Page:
Japanese sentences word order question


#1

Hello.

How flexible is the arrangement of words in sentences?

私はプールでアイスクリームを食べます。
(subject) wa (location) de (object) wo (verb).
私は土曜日にプールでアイスクリームを食べます。
(subject) wa (time) ni (location) de (object) wo (verb).

Can this arrangement work?

私はアイスクリームをプールで食べます。
(subject) wa (object) wo (location) de (verb).

Do other arrangements work/sound more natural?


#2

Since the particles define the function a word plays in a sentence, then the sentence can be rearranged however you like, so long as the verb stays at the end, and the particles stay with their corresponding words. In casual speech, the verb doesn’t even have to go at the end.

That said, if you jumble things up too much, listeners may lose track of what it was you were talking about by the time you reach the verb.


#3

Belthazar is correct. Also, FYI:

This chart doesn’t cover stuff like 水を飲む男は…, but is close enough.


#4

Those would be noun-modifying clauses, which basically can be included as a part of any of the blue boxes in the diagram.


#5

But I think the parts closest to the verb are considered more important / are emphasized more.

So「私はプールでアイスクリームを食べます」and「私はアイスクリームをプールで食べます」would both be correct. But I think the former emphasizes that the ice cream is being eaten, whereas the latter emphasizes that the location the eating is being done is the pool.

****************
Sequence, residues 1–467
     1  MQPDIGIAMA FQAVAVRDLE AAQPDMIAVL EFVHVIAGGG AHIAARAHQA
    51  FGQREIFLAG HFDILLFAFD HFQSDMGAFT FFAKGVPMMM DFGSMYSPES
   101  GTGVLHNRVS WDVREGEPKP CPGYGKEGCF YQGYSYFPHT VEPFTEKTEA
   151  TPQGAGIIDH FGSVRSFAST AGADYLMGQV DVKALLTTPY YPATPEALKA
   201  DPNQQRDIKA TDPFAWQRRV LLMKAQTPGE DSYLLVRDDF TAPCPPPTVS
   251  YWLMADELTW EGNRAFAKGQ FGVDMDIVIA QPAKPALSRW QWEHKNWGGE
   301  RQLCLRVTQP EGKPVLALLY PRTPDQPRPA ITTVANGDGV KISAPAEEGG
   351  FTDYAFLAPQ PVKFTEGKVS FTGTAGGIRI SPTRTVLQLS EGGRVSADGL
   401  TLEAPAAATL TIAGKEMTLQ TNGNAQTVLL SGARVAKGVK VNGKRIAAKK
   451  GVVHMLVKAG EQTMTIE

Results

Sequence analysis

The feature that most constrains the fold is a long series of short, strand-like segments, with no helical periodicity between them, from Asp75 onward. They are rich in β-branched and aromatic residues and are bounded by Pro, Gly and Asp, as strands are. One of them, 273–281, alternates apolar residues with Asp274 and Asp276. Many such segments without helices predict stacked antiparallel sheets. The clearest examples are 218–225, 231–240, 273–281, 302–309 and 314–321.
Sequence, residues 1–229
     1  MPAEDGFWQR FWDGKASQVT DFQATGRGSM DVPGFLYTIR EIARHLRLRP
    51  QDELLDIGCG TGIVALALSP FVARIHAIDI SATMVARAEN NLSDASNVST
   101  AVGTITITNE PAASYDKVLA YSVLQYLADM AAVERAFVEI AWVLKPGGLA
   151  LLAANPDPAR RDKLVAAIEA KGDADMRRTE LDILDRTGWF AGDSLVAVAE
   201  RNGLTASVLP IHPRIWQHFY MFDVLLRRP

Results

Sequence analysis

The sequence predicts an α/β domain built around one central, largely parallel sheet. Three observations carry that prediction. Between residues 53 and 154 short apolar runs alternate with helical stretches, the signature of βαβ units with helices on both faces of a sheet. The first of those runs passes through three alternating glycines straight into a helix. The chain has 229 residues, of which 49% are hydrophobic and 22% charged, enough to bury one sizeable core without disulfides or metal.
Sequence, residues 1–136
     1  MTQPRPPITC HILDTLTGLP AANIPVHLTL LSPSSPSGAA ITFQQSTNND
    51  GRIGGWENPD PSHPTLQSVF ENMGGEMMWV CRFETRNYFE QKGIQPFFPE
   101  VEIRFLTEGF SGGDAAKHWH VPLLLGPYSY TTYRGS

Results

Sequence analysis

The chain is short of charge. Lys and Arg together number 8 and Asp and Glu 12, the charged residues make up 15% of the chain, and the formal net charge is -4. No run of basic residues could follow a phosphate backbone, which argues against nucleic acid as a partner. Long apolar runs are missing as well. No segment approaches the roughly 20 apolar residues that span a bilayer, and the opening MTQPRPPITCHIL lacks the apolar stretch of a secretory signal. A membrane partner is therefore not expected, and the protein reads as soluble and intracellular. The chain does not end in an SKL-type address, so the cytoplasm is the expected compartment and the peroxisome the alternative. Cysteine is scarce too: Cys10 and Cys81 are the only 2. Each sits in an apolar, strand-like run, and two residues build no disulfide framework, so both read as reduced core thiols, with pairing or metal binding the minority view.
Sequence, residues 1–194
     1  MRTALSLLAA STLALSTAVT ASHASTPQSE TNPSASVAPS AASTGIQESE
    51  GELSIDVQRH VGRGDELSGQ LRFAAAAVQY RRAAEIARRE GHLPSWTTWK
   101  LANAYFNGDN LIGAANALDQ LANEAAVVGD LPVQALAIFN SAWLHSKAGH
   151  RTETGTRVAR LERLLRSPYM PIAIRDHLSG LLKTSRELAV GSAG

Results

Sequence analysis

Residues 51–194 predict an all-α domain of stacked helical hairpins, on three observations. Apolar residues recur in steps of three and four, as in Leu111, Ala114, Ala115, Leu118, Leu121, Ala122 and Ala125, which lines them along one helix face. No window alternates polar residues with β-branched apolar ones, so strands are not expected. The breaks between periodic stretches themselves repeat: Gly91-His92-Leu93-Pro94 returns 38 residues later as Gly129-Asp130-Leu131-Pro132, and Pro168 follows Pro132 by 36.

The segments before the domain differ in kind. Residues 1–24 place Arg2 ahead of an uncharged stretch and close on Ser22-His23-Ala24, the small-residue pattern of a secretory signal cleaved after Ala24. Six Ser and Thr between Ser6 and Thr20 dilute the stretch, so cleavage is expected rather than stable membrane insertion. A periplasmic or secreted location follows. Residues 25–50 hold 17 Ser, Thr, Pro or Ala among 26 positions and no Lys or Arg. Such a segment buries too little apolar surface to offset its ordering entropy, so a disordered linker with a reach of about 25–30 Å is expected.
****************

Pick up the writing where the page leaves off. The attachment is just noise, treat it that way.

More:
#6

thank you for the chart! quick question just to clarify, in terms of natural speech, the blue boxes can go anywhere in the sentence as long as it’s before ‘other information’ and ‘verb’?


#7

I recommend you read this blog post.


#8

Why is it impossible for people to write articles like that without including needless bullshit like this:

One of the biggest reasons for this is that the usual way of learning Japanese involves remembering random phrases and sentence patterns in isolation, without actually being taught why those sentences work the way they do.

Even though that’s like chapter 2 of Genki. And the article goes on to say:

Particles are like markers that tell us the role each word plays in a sentence.

Which is of course fine for beginners, but yet another simplification for the sake of learning. And the kinda thing the above is complaining about.


#9

thank you so much for that link! it was a very helpful read. I especially enjoyed the part explaining noun phrases in Japanese


#10

The blue boxes (except for ‘topic’) are the ‘other information’, and it’s saying time can appear before the topic or as part of the other information (between the topic and the verb).